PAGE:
The definition of Slang
Defining slang
Difference between Jargon, slang and cant
Extent and origins of slang
Extent and origins of slang
Extent and origins of slang
General and special slang
Types of slang
Internet slang
The Viral Words You Need To Know
Viral words
Viral words
Viral words
Viral words
Viral words
Viral words
Viral words
Viral words
Viral words
Answers to the quiz:
Regional slang
Money slang
Slang dictionaries
Dictionaries of Slang
Why do people use it?
Ways of slang formation
Grammar of spoken English
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Category: englishenglish

Slang. Difference between Jargon, slang and cant

1. Slang

“Slang is a language which takes off its coat,
spits on its hands - and goes to work”
Carl Sandburg

2. The definition of Slang

Slang is the use of informal words and
expressions that are not considered standard in
the speaker's language or dialect but are
considered acceptable in certain social settings.
Slang expressions may act as:
a means of identifying with one's peers.

3. Defining slang

A type of language consisting of words and phrases that
are regarded as very informal, are more common in
speech than writing, and are typically restricted to a
particular context or group of people (Oxford Dictionary)
Words that are not considered part of the standard
vocabulary of a language and that are used very
informally in speech especially by a particular group of
An informal nonstandard vocabulary composed
typically of coinages, arbitrarily changed words, and
extravagant, forced, or facetious figures of speech
(Merriam Webster Dictionary)

4. Difference between Jargon, slang and cant

Jargon usually means the specialized language
used by people in the same work or profession
and it is used:
to exclude non–group members from the
to allow its users to talk precisely about
technical issues in any given field;
Cant is a language specific to a particular
group or profession and regarded with
disparagement: thieves' cant

5. Extent and origins of slang

During the Middle Ages, certain writers such as Jeoffrey Chaucer,
William Caxton, and William of Malmesbury represented the
regional differences in pronunciations and dialects. The different
dialects and the different pronunciations represented the first
meaning for the term “slang.”
The present-day meaning for slang did not begin forming until the
16th or 17th century. The English Criminal Cant developed in the
16th century. It was a new kind of speech used by criminals and
cheats. Out of the four million people who spoke English, only
about ten thousand spoke the English Criminal Cant.
The English Criminal Cant was at first believed to be foreign,
meaning scholars thought that it had either originated in Romania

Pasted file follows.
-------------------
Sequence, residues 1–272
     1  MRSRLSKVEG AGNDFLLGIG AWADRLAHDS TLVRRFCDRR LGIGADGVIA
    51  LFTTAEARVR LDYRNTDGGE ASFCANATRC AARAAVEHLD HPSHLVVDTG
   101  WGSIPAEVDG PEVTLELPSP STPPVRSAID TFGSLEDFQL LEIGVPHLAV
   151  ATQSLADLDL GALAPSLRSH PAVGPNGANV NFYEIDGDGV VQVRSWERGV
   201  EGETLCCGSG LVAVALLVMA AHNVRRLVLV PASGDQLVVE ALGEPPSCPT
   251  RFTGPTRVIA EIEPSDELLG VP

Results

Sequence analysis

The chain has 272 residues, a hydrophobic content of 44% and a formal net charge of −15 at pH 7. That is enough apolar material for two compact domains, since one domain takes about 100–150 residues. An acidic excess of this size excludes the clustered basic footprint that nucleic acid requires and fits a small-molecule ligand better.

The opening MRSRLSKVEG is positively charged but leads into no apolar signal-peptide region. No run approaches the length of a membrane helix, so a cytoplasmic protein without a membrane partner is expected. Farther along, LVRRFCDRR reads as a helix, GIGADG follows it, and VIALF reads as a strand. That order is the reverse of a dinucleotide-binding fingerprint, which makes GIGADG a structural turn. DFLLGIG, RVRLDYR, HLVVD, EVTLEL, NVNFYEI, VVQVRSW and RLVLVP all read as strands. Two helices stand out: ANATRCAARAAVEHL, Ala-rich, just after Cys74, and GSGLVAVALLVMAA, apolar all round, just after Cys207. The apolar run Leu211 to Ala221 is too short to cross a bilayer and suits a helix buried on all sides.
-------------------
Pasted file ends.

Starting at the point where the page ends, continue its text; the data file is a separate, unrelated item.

or had a relationship to French. By the end of the 16th century this
new style of speaking was considered to be a language “without
reason or order” (Thorne 23). During the 18th century
schoolmasters taught pupils to believe that the English Criminal
Cant (which by this time had developed into slang) was not the
correct usage of English and slang was considered to be taboo.

6. Extent and origins of slang

The 18th century slang was beginning to be presented in
popular plays. The first appearance of the slang was in a
play by Richard Brome’s and later appeared in poems and
songs by J. Copland.
By the 1700’s the cultural differences in America had begun
to influence the English-speaking population, and slang
began to expand.
Almost all of the slang words during this time were
anatomical and well known all through Britain and in
America due to the British colonists.
By this time scholars such as Walt Whitman, W. D.
Whitney, and Brander Matthews all considered slang to be
anything that sounded new, and that was not in the
“glossaries of British dialects” (Thorne 26). Walt Whitman
consider slang to be the life of the language. Whitman
wrote “that slang was a wholesome.....of common
humanity to escape the form bald literalism, and express
itself illimitably” (Thorne 26).

7. Extent and origins of slang

It was not until the early 1920’s that slang had
gained the interest of popular writers. It was
during the post-World War I era that society
gained new attitudes about slang. There was now
a demand for entertainment, mass media, and
slangy fiction.
Today modern British and American slang has
been shaped and reshaped by the different cultures
and the emergence of technology, which has left
our society with varieties of slang from extremes
like Street/Drug Slang to African-American Slang.


9. General and special slang

General slang includes words that are not specific
for any social or professional group, whereas
special slang is peculiar for some such group:
teenager slang, university slang, public school
slang, Air Force slang, football slang, sport slang,
sea slang, and so on
General slang:
make one’s bones-убивать кого-нибудь,
old flame-старая любовь,
Sport (special) slang:

10. Types of slang

Cockney Rhyming slang
(the East End of London):
Nails → Monkey’s tails → tails
Wig → Farmer’s pig → pig
Pub → bath tub → tub
Head → loaf of bread → bread
Feet → plates of meat → plates
Mariah Carey → scary
Calvin Klein → wine
Barack Obama → pyjamas
Dark → Jurassic Park

11. Polari

(or alternatively Parlare, Parlary, Palare, Palarie,
Palari; from Italian parlare, "to talk") is a form of
cant slang used in Britain by actors, circus and fairground
showmen, merchant navy sailors, criminals, prostitutes, and
the gay subculture:
aunt nell – listen, hear;
aunt nell danglers – ear-rings;
bona nochy - goodnight (from Italian - buona notte);
chicken – a young man;
clobber – clothes.

12. Internet slang

Internet users have developed many slang terms over
the years. Most of these are not actually acronyms as
they cannot be pronounced, but that is what they are
called nonetheless. There are also examples of
lexical abbreviations. Many of these terms originated
for saving keystrokes:
Be back soon → BBC
Have a nice day → HAND
To be honest → TBO
Please leave me alone → PF*O
Probably → prolly
Never mind → n/m
Whatever → w/e

13. The Viral Words You Need To Know

If you're keeping it 100, you're acting in a way that's true to yourself
and aligned with your values, as well as being respectful to others.
Larry Wilmore always kept it 100 during his daily TV show segment.

14. Viral words

Use this response when you 100% agree with a statement. Onehundred percent = hundo p. Only use it when you are positive
about something.